By Michael Oyetunji
Nigeria’s domestic tourism suffers a major setback as one of its finest educational tour attractions in Abuja, Usuma Dam puts an indefinite ban on any tour-related activity within and around its vicinity.
Lower Usman Dam is the 5th Largest Dam in the world and is on the Usuma River in Nigeria. It was built in 1990 near Abuja, the new Capital of Nigeria., and supplied the city with drinking water. The dam holds 93 million cubic meters of raw water. The water flows to five (5) water plants, where the water is treated before it is passed to Abuja. The total capacity of the water is 10,000 cubic meters per hour.
Usuma Dam once offered a picturesque scenery for picnic, hilly surroundings for hiking and a pacific mass of water body for canoeing and fishing. It is a multidimensional facility, playing host to students, researchers and fun lovers.
It was on this premise that a group of Sustainable Tourism Professionals led by Capt. Emmanuel LordsGreat, CEO at TBS Africa, visited the site very recently for a tourism and sustainability assessment programme. On arrival to the Administrative building at the site, they were greeted by the Head, R & P Department, Mrs Mary Edafe, who stated outright that the site is currently closed for any form of tourism activities.
In a briefing with the representatives, she maintained that the closure has been in effect since the covid19 lockdown and authorities have decided to keep it closed until further notice. She also highlighted, as part of the concerns, “the current security risks in the country, and how difficult it is to trust that tourists can not be bought over by unscrupulous elements in poisoning the entire water body, thus causing harm and possible death to people who consume it in and around the FCT”.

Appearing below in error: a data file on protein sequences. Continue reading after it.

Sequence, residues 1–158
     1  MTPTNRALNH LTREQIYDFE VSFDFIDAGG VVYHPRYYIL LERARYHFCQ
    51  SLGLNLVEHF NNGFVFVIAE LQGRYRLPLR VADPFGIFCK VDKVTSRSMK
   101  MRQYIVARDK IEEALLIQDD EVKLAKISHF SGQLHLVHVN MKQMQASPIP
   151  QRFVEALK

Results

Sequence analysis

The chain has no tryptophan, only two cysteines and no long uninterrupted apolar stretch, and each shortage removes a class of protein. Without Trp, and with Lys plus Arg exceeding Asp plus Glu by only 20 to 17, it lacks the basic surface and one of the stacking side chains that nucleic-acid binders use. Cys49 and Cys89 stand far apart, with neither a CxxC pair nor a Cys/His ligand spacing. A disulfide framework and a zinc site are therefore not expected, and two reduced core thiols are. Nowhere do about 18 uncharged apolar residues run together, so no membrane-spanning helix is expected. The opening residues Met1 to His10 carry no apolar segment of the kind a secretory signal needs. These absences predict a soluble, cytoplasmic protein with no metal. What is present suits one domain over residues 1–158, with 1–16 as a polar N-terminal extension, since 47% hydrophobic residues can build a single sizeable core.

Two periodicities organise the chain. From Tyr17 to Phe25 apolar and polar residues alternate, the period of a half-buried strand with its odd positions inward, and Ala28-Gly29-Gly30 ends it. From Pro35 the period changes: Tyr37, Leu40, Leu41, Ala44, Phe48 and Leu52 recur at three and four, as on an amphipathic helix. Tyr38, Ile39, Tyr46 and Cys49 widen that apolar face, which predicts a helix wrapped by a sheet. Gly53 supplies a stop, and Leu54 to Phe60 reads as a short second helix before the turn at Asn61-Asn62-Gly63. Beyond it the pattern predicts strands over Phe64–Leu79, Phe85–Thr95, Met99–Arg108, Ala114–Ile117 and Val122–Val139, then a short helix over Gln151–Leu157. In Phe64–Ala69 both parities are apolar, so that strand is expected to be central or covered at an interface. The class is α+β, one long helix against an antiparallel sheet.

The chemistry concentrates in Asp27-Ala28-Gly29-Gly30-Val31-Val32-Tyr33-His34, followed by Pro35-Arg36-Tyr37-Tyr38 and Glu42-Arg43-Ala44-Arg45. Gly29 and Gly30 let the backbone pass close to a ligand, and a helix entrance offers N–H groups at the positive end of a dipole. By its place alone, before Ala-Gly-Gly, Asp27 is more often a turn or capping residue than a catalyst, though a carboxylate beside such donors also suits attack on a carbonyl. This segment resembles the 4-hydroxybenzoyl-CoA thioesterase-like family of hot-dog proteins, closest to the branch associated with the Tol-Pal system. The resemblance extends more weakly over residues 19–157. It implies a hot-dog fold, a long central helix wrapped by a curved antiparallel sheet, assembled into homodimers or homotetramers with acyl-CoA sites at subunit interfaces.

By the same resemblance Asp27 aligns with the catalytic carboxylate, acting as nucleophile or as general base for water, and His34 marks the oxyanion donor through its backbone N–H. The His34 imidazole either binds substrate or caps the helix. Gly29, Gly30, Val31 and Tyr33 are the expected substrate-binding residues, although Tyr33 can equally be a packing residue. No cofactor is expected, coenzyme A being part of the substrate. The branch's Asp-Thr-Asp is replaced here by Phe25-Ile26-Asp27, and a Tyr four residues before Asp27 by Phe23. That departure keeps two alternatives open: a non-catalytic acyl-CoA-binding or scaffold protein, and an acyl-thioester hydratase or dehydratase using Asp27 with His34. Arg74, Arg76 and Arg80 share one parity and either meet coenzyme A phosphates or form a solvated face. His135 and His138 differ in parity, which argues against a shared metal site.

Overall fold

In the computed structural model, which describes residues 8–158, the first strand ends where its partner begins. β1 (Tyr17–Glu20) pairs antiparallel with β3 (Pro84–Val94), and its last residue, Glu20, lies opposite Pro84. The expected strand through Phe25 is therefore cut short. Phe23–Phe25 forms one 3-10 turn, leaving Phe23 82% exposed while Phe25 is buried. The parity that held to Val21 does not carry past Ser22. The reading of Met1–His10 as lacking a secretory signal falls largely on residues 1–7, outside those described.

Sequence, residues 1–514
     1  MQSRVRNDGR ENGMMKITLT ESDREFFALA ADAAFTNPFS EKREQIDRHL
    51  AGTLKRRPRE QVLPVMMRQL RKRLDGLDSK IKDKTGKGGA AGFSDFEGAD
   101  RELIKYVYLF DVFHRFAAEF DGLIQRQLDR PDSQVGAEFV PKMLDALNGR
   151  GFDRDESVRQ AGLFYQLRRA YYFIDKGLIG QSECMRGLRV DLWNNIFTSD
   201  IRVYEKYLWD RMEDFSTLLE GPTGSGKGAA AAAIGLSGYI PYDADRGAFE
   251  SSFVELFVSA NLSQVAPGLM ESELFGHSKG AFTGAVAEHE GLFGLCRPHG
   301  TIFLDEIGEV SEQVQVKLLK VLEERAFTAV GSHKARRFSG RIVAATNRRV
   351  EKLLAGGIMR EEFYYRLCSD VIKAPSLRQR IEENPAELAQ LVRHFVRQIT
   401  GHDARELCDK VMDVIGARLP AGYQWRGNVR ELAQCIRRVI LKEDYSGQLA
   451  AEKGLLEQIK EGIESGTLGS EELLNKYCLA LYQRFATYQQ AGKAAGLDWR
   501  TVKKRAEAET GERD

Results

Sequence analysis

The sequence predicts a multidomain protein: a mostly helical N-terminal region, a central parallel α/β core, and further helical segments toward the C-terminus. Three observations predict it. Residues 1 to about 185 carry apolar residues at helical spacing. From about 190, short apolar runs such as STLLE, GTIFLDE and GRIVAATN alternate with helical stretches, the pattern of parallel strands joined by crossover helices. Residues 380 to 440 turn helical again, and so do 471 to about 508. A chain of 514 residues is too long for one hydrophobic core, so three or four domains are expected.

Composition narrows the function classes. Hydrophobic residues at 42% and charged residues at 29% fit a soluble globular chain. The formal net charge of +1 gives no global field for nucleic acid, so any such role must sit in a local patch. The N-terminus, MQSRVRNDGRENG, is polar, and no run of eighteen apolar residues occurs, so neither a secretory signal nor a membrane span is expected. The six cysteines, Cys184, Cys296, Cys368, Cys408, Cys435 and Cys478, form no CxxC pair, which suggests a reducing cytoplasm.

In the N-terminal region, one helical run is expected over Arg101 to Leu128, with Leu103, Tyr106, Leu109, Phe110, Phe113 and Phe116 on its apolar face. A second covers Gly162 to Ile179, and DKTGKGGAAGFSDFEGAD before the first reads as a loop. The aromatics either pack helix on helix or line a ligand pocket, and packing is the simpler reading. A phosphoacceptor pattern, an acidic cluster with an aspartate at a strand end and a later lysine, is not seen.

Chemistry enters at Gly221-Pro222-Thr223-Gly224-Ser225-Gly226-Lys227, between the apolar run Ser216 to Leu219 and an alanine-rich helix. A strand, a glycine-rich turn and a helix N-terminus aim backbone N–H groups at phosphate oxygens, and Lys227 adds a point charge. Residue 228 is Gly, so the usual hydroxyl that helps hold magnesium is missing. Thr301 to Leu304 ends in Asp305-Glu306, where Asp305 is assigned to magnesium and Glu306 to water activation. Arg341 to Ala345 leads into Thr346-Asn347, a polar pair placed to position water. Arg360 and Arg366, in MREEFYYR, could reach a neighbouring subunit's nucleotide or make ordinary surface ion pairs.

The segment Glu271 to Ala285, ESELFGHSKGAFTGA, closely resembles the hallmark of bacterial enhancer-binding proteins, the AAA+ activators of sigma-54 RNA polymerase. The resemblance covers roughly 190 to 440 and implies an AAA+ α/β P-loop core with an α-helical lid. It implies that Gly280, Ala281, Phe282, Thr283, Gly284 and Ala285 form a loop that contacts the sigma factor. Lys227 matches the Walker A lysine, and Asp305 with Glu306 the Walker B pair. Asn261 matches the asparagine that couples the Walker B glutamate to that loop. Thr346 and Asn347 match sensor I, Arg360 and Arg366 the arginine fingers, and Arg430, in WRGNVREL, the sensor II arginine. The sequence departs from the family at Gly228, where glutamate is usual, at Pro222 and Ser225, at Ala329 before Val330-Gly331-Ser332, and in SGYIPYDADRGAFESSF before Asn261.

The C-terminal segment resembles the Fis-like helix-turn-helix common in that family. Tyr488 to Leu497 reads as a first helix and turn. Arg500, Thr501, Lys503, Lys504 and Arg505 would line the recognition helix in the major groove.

“We are not ready to take chances with our work and pledge to provide clean, safe and portable water for the city”, she remarked. “We also have had rumors that there is a porous border around the dam, so security operatives are on ground to ensure no one intrudes”.
As reasonable as these reasons sounded, it was met with a dose of disappointment in the ears of the visiting tour experts, who had wished the site is accessible for the promotion of domestic tourism. “This is a heartbreaking news for us in the tourism and sustainability industry. We don’t have much eco-tourism sites in the city, and here we are, Usuma dam is off the list”, said Captain Emmanuel, the co-ordinator of the group.
They therefore urge the Government to expedite action in tackling the incessant insecurity issues in the country, so that domestic tourism can grow beyond bounds. The recent pandemic has made outbound tourism an almost impossible venture for frequent travelers, but looking inward for consolation have not been encouraging for the travel and tourism industry.
Michael Oyetunji, a tour operator and media professional writes from Abuja as the Editor-in-Chief of The Winepress Station, and the convener of Travel Writers Forum, Nigeria.